Furthermore, while the cost of deploying renewable technology has never been lower, the availability of renewable-focused capital has never been higher. Investment in commercial and industrial solar has demonstrated resilience against the pandemic, continuing to be seen as a safe investment in light of rising utility costs and increasing distribution of both solar and financial technologies. Yet resource potential and low costs of equipment are not enough; Senegal and other resource-rich African nations require active investor interest and strong government support to unlock diversified energy mixes. In turn, a lack of investment represents a pointed threat to the achievement of long-term energy security.

“Young people and women have shown their great resilience, and it is our hope we close these deals in the renewable energy sector, Africans can have a sense of some hope that they will be included in the industry contracts and opportunities. It is no longer correct for the African to be the last hired and the first fired” Concluded Ayuk.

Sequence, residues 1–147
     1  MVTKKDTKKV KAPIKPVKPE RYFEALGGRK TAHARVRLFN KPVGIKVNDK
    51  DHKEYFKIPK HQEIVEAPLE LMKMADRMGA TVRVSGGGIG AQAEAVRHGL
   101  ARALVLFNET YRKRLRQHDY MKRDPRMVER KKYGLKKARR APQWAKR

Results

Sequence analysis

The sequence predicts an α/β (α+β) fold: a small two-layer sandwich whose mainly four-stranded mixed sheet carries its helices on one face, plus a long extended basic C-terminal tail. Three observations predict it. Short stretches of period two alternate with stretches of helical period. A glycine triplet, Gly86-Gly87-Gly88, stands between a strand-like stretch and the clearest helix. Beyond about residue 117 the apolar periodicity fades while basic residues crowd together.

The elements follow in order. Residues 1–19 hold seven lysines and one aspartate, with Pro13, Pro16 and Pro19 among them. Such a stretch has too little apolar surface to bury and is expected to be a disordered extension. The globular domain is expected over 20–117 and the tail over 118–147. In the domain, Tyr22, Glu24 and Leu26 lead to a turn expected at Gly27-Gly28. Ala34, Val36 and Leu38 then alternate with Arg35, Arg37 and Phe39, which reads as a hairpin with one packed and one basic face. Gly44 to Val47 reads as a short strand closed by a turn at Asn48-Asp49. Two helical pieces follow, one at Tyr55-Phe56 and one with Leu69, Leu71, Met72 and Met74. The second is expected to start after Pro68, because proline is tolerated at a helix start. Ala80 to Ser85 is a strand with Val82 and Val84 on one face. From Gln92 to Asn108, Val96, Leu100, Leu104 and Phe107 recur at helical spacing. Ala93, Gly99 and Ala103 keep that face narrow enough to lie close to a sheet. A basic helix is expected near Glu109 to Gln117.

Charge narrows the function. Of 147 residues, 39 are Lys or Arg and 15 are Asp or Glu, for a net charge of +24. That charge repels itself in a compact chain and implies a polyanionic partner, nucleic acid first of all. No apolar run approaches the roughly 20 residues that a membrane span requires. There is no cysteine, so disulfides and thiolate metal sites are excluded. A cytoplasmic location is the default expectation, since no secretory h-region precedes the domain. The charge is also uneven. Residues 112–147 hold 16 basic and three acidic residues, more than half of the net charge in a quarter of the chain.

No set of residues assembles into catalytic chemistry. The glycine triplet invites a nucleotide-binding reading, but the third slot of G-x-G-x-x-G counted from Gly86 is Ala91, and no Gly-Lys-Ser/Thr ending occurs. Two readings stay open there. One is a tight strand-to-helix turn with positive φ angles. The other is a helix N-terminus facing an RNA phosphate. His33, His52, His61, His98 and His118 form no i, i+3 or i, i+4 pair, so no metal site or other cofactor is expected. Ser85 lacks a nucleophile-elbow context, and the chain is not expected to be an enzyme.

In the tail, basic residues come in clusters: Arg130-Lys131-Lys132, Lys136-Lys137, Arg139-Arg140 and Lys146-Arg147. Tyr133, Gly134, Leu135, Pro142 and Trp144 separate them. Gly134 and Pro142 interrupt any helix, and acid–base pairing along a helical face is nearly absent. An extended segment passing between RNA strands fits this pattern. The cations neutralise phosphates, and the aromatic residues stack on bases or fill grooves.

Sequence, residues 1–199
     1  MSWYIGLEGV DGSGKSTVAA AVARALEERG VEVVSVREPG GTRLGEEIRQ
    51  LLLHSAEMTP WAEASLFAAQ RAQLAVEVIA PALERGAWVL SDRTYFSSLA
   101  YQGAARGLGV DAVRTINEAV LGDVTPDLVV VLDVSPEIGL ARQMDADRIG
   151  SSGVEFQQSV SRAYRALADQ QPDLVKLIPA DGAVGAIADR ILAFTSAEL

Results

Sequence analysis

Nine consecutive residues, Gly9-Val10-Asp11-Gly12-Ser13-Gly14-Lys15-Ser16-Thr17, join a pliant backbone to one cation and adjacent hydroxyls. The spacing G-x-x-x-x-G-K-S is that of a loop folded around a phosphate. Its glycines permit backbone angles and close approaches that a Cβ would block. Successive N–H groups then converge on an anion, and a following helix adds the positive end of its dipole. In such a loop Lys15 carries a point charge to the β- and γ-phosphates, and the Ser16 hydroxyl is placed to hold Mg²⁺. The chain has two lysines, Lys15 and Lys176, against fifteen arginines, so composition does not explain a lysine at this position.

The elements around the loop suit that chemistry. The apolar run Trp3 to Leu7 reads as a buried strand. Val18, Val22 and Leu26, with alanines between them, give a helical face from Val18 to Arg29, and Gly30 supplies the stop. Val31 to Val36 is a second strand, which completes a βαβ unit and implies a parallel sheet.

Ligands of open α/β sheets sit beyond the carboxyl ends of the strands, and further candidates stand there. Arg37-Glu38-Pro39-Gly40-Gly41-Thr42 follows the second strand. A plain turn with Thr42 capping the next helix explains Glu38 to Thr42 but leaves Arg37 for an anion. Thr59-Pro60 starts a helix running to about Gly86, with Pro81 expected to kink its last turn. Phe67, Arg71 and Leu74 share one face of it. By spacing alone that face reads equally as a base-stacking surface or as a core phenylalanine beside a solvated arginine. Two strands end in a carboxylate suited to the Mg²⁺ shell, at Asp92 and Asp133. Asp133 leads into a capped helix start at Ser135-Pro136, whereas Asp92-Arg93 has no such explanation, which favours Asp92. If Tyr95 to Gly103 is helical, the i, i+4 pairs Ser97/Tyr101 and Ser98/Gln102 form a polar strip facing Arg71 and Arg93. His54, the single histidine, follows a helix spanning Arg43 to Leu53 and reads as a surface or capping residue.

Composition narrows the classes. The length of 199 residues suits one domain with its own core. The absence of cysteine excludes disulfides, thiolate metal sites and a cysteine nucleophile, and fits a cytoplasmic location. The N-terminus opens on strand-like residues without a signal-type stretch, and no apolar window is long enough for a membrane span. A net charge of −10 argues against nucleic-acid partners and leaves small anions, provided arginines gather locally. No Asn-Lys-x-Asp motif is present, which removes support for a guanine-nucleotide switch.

Moreover, without sustained levels of FDI continuing to move the needle on oil, gas and renewable developments, energy export revenues run the risk of being stranded and resources left undeveloped. For emerging producers like Uganda – as well as Tanzania, Kenya, Mozambique, among several others – this would mean foregoing critical government revenues that could aid in a much-needed, post-COVID-19 economic recovery. FDI is vital to Africa’s growth, and while it may be challenging to procure capital in a tepid global economy, it is even more difficult not to. Yes, COVID-19 has put emerging producers in a tough spot: new exploration is seen as risky, and new producers lack existing assets or low-cost development of marginal fields on which to fall back. However, it is not an option to slow or postpone time-sensitive developments that promise to harness natural resource wealth and make sustainable improvements in standards of living across the continent. Africa requires a sustained flow of investment and has proven time and again that it offers the scope of projects and magnitude of resources that are worthy of foreign capital.